Bollywood dreams shattered, many strugglers turn to crime
The case of Atul Adagle (28), a small-time lyricist who was arrested by the Kandivli police on charges of chain-snatching on Sunday, highlighted a dark truth that many young Bollywood aspirants live with. Megha Sood reports.india Updated: Aug 31, 2009 00:17 IST
A budding scriptwriter snatches chains to meet his ailing mother’s medical expenses… Desperate for a car, a struggling actor forces his wife, also an actor, into prostitution… A 21-year-old actor from the Oscar-winning Slumdog Millionaire is arrested for extortion and threatening to kill a casting director…
The case of Atul Adagle (28), a small-time lyricist who was arrested by the Kandivli police on charges of chain-snatching on Sunday, highlighted a dark truth that many young Bollywood aspirants live with. Work in the film industry was elusive and Adagle needed money to pay for his ailing mother’s medicines.
His is a story that many Bollywood aspirants or ‘strugglers’ identify with. Their big-screen dreams shattered, many take to crime to pay the rent or maintain expensive lifestyles to showcase themselves to filmmakers.
Adagle’s motive may seem straight out of a Hindi film, but police say many small-time actors have started taking the shortest route to a luxurious life: petty crime like robbery and even serious crimes like extortion.
“There are many aspirants and less work,” said Police Inspector Dattaray Sankhe of Oshiwara, where most aspiring actors and junior artists stay. “Not everybody gets a break. Many resort to crime to fulfil their needs.”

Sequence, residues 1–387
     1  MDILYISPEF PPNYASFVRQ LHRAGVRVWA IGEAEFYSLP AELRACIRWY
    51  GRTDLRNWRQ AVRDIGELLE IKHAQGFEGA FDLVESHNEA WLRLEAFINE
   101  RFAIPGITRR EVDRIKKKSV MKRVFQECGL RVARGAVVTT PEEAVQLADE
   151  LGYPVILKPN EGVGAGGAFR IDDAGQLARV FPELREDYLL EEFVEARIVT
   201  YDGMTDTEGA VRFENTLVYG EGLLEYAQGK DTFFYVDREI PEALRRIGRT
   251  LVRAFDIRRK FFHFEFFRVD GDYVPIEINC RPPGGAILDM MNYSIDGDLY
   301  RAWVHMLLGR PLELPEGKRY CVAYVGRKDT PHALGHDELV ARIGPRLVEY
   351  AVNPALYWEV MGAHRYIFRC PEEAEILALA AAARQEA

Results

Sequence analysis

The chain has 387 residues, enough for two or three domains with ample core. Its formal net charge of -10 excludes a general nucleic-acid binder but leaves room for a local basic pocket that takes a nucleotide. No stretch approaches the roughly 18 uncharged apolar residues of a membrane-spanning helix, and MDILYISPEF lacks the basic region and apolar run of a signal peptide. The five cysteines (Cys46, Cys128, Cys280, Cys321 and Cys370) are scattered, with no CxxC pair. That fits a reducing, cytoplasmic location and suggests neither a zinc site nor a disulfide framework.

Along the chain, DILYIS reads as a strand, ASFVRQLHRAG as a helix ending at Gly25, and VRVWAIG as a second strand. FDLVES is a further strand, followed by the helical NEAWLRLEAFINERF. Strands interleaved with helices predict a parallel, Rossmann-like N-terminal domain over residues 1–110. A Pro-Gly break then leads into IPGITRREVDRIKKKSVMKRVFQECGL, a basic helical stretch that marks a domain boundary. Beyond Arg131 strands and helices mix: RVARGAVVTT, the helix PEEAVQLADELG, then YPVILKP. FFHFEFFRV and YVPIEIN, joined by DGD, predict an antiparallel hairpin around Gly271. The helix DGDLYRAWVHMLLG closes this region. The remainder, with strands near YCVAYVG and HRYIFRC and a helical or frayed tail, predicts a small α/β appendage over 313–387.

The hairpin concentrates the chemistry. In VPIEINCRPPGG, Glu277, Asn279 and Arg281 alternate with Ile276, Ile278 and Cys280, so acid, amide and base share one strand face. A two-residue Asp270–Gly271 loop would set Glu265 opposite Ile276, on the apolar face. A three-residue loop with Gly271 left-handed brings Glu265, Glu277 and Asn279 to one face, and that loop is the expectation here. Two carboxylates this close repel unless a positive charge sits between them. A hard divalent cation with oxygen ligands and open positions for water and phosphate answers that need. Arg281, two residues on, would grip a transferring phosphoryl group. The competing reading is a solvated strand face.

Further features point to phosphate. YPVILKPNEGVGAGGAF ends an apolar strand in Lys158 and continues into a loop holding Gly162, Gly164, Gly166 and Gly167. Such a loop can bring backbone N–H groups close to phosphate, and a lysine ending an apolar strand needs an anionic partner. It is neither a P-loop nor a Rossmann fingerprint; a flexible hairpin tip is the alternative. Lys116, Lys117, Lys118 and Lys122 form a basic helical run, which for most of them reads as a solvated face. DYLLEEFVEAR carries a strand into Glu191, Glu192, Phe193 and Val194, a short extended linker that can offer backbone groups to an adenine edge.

Those who have made it after years of struggle say the main reason is the stress of maintaining the glamour quotient the industry demands. “Newcomers often cannot handle the pressure; they drift towards crime to fulfill basic needs like paying the rent of a flat in Lokhandwala Complex,” said producer Pahlaj Nihalini.
“To get famous, people need to show off. For that, they need a constant flow of money,” said Amitabh Gupta, additional commissioner of police (western region). “It is not a new phenomenon, but these days there have been more cases involving small-time actors.”
Dr BV Bhosale, a sociologist at Pune University, said the involvement of aspiring actors and models in crime was the result of “accumulative frustration”.
“These people are not very successful; there is always a sense of insecurity. They take to crime thinking that they have been rejected by society…,” said Bhosale. “Moreover, once they get a taste of this ‘false world’, they don’t want to come out. They would do anything to maintain their lifestyles.”
Those who have been through the rejection and frustration on their road to stardom say the pressure is too much to handle.
“If you don’t get to eat one meal a day, it’s fine. But you need to wear designer clothes to get noticed,” said actor Nandini Jumani, who struggled in the industry for over two years. “In a party, you have to buy a drink. Even if you stay in a rented house, you have to show off by travelling in a car and joining the best gym in the area.” Jumani added that often newcomers get used and are sucked into crime, often becoming victims themselves.
Dinesh Chaturvedi, general secretary of the Federation of Western India Cine Employees Association, agreed. “The youth who come into the glamour world want quick fame and success. In order to keep up with the Bollywood lifestyle, they take to crime,” he said.
The solution, said industry insiders, is for aspiring actors to register themselves with associations. “They should approach the industry through better channels and be wary of con artists,” said Chaturvedi.
(With inputs from Shahkar Abidi and Rachna Pratihar)